There are only 12 missions in New World Order, and each consists of just a tiny map, sprinkled with some enemies. Although some missions ask you to gather intelligence or rescue a hostage, in almost all cases, none of these side quests need to be accomplished; it's simpler to just kill every enemy in the level. Even taking into account a liberal amount of restarting, it will take you only about an afternoon to get through New World Order's campaign. Don't expect to beat the last mission though--with more than 20 enemies on the map at once, the frame rate plummets, and it becomes impossible to finish the game.
The manner in which you equip weapons in New World Order is ill-conceived. At the start of each mission you can equip various weapons based on what rank you've attained. This rank and experience system plays little role in the game because after the second mission, you'll always have acquired enough experience to buy any weapon you like. You're also given a weight limit of what you can carry--each gun, grenade, and clip you equip yourself with has a certain weight, and according to the game's documentation, the more you carry, the slower you move, although we never found weight to affect movement speed significantly. While that may seem insignificant, for some bizarre reason, there's no way for you to tell how much weight you are carrying. Based on the stats given for each item, you're forced to calculate in your head how close you are to the 10-kilogram limit. Even more frustrating is that you cannot pick up a dropped weapon if you're already carrying one of that type. For instance, if you're carrying an AK-47, and an enemy drops one after dying--you can't even take the bullets from the dropped weapon to add to your stash. If you run out of bullets, you're forced to memorize the gun's location and go back to it later.
Actually firing New World Order's weapons is an exercise in frustration. Despite the game's claims of realism, all of the rifles and submachine guns fire in full automatic mode. There's no selector switch to change to single shot or burst fire, and since the firing rate is so fast, it's difficult to manually fire weapons in short bursts. Even kneeling, bullets tend to stray well away from your crosshairs, which, unlike the crosshairs in more-realistic games like Counter-Strike and the Rainbow Six series, do not expand to show the increasing inaccuracy of the weapon as it's being fired. Did you run out of bullets and want to quickly switch to a pistol instead of reloading your primary weapon? Too bad you can't--once a reloading animation has begun, it has to run until completion before you can switch weapons. All too often you'll die while reloading because the game won't let you switch to a secondary weapon.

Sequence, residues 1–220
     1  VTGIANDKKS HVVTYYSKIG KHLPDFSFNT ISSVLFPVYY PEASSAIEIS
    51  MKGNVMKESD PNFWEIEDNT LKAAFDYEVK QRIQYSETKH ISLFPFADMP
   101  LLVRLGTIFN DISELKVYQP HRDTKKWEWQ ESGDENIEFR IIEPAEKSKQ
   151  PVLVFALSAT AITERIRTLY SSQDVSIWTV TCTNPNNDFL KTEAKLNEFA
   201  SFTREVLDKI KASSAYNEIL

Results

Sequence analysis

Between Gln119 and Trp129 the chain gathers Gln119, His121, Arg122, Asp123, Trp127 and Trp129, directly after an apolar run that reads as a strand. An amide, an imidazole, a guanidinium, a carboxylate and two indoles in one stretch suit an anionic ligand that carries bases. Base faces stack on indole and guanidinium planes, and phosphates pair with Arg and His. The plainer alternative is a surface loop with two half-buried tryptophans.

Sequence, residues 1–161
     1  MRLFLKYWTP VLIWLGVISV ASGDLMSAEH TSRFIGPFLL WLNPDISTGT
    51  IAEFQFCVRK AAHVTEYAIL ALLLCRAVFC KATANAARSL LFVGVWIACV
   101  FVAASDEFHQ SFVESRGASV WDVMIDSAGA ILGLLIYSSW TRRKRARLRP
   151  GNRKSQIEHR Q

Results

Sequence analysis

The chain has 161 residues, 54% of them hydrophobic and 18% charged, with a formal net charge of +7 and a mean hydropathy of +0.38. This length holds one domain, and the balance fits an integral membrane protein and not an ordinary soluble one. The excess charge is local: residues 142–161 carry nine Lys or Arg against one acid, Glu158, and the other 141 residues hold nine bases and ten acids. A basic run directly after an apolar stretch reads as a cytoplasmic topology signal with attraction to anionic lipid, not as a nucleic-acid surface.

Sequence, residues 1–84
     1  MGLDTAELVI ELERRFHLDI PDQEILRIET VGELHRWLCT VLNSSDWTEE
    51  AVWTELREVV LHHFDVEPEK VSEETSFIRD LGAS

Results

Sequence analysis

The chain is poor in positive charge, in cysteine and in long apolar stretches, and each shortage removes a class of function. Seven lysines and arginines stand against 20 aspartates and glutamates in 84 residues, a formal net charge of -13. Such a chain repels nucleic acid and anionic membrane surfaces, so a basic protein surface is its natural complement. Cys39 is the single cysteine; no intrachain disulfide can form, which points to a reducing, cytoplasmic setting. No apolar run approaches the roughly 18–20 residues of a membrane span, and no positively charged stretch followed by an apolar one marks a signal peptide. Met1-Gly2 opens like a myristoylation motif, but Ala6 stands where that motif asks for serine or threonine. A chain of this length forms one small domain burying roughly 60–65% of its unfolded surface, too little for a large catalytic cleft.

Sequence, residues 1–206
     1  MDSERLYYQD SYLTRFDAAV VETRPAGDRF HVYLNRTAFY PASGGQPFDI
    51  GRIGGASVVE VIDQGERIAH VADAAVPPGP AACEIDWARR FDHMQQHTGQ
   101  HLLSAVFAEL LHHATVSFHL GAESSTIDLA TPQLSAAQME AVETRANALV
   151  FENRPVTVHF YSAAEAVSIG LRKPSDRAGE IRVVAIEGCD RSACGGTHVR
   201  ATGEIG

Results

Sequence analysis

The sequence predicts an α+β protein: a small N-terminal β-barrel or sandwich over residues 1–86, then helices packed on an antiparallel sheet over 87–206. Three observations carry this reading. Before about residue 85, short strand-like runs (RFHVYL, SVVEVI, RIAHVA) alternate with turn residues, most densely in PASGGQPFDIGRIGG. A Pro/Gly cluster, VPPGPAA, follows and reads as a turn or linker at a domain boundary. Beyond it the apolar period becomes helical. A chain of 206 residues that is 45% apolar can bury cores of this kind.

Multiplayer in New World Order is directly copied from Counter-Strike. Aside from standard team deathmatch modes, there are also bomb planting missions and hostage rescue missions. You'll seldom find anyone online playing retail New World Order, and even the game's many demo servers are utterly empty.
Even at its $30 suggested retail price, New World Order is a poor value. It's a game that simply attempts to cash in on the success of Counter-Strike and the Rainbow Six series by copying their themes, but it ends up falling well short of the mark because of its terrible graphics engine, its ill-conceived design, and a campaign that takes only a few hours to (nearly) complete. If you're looking for a modestly-priced tactical shooter, you'd be much better served by picking up Line of Sight: Vietnam, Deadly Dozen: Pacific Theater, or gold editions of Ghost Recon or Operation Flashpoint.